Mayor Mandates Vaccination for City’s Healthcare Workers

Mayor Mandates Vaccination for City’s Healthcare Workers

By Yehudit Garmaise  

     Despite the city’s best efforts to make vaccination as easy and accessible as possible to everyone in New York City, 30% of the population has chosen not to get their shots.     

      When questioned about the segment of the population that refuses vaccination at this point, Mayor Bill Blasio hinted this morning that he “is looking at a range of options.” 

   Although a more detailed announcement is expected tomorrow morning, this afternoon, the mayor said that he will soon require the city’s public hospital and health clinic systems’ employees, who curiously, have shown lower-than-average rates of vaccination, to get their shots.

     Healthcare workers who continue to refuse will have to submit to weekly testing for COVID-19, the mayor’s office confirmed with BoroPark24.

     Although the mayor paid heed this morning to the 4.9 million, or 60% or New Yorkers “who have come forward and gotten at least one dose,” to which he attributed to the city’s almost negligible hospital rate, when a reporter pointed out that City Councilman Mark Levine had proposed mandating vaccinations for people who work in high-risk settings, the mayor focused in on the source of his frustration with those who refuse vaccination.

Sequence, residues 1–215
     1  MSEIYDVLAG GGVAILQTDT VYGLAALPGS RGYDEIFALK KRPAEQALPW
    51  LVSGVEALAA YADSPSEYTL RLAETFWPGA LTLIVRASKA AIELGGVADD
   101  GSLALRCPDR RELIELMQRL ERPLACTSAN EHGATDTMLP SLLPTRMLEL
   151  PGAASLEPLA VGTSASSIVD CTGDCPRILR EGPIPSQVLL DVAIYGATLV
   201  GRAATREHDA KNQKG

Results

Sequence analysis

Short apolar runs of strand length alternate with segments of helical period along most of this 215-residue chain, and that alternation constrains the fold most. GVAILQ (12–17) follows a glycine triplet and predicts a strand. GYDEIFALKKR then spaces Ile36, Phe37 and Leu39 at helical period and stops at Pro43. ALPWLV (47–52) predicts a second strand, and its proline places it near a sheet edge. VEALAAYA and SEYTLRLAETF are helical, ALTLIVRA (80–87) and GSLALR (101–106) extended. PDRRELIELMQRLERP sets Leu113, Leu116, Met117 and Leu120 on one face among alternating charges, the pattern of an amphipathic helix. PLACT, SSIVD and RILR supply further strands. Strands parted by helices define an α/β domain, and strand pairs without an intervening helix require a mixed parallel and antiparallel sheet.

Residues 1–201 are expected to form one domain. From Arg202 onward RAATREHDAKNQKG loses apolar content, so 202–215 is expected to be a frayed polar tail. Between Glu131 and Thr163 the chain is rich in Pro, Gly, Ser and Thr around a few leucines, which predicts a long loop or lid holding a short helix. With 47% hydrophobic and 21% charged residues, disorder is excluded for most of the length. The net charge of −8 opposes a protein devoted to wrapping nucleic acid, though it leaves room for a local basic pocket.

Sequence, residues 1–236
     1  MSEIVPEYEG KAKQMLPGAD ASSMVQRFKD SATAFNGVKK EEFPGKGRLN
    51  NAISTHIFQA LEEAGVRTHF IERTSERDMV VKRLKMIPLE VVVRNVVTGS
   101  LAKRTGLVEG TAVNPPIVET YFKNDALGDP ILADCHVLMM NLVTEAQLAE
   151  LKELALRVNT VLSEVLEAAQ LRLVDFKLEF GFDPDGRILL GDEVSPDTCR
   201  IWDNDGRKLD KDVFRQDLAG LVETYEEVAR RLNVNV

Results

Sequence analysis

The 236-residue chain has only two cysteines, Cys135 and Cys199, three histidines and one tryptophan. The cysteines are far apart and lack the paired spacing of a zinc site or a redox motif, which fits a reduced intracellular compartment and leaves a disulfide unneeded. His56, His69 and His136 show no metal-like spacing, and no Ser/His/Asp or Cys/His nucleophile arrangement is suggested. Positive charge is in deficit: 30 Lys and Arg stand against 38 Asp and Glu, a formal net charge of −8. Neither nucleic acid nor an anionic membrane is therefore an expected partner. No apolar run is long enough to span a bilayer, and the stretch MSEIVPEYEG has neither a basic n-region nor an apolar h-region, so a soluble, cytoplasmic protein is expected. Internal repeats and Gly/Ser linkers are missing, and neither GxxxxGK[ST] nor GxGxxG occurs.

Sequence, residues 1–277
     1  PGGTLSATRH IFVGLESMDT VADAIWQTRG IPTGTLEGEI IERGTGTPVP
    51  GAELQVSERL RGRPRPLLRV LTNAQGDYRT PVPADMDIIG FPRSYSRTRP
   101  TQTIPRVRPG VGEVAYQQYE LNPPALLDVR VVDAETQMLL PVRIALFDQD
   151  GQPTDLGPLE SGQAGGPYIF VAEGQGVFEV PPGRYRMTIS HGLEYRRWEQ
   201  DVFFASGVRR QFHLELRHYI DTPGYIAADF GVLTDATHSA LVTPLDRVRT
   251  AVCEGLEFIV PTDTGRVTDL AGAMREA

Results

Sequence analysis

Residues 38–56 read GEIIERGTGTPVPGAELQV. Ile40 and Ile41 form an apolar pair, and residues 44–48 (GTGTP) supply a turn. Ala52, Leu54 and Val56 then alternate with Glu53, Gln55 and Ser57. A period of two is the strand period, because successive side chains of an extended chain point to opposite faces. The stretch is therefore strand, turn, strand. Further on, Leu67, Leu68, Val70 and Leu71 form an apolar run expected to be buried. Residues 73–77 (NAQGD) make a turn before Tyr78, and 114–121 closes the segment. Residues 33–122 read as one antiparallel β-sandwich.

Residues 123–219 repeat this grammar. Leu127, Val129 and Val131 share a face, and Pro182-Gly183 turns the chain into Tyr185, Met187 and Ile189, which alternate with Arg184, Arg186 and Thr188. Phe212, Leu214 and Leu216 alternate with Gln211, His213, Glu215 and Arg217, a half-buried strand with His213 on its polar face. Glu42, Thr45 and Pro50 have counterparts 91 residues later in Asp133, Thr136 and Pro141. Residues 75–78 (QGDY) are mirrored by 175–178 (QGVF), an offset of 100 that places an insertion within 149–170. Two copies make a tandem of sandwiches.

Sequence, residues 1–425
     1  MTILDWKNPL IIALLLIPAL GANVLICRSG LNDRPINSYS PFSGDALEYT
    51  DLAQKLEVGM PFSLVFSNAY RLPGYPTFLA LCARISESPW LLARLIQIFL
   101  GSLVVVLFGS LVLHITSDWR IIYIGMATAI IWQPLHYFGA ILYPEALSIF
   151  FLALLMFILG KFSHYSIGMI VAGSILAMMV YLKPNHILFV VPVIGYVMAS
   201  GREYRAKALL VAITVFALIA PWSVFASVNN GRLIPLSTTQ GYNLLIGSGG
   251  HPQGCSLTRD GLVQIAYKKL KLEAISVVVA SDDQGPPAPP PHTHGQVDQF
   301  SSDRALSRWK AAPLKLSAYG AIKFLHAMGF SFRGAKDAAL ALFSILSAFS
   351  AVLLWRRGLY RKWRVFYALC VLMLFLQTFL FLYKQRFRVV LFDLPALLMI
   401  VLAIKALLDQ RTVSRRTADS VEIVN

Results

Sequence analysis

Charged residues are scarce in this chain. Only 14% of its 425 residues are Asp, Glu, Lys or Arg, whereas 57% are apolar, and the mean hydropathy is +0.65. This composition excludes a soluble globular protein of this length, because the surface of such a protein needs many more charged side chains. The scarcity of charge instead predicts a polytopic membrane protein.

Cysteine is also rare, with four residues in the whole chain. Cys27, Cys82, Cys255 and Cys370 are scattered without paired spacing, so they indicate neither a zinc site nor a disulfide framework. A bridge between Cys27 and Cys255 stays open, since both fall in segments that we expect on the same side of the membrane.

“This is literally a matter of life and death,” said Mayor de Blasio. “We could fix this problem. With the ability we have now as a city, in a matter of months, we could vaccinate everyone.”

      The insistence on universal vaccination by the mayor and his top physicians comes as the city and the entire country try to prevent a COVID resurgence stemmed by the Delta variant, which although it is much more contagious than previous strains of the virus, its effects are minimal for those who have been fully vaccinated.

     “The problem is misinformation [about vaccination] and the fact that people are buying into it,” the mayor said. “At a certain point: personal responsibility actually matters.

     "So, we've been really nice, really communicative, really respectful.

    "Come on, people: It's time to step forward, and we're going to make that real clear.”

     The vaccine is the closest thing that we have to a knockout punch,” said New York City Health Commissioner Dave Chokshi, MD.

     “We've got to be blunt about it," the mayor said. "If you're not getting vaccinated, you're actually causing harm to other people."

 Credit: Ed Reed/Mayoral Photography Office.


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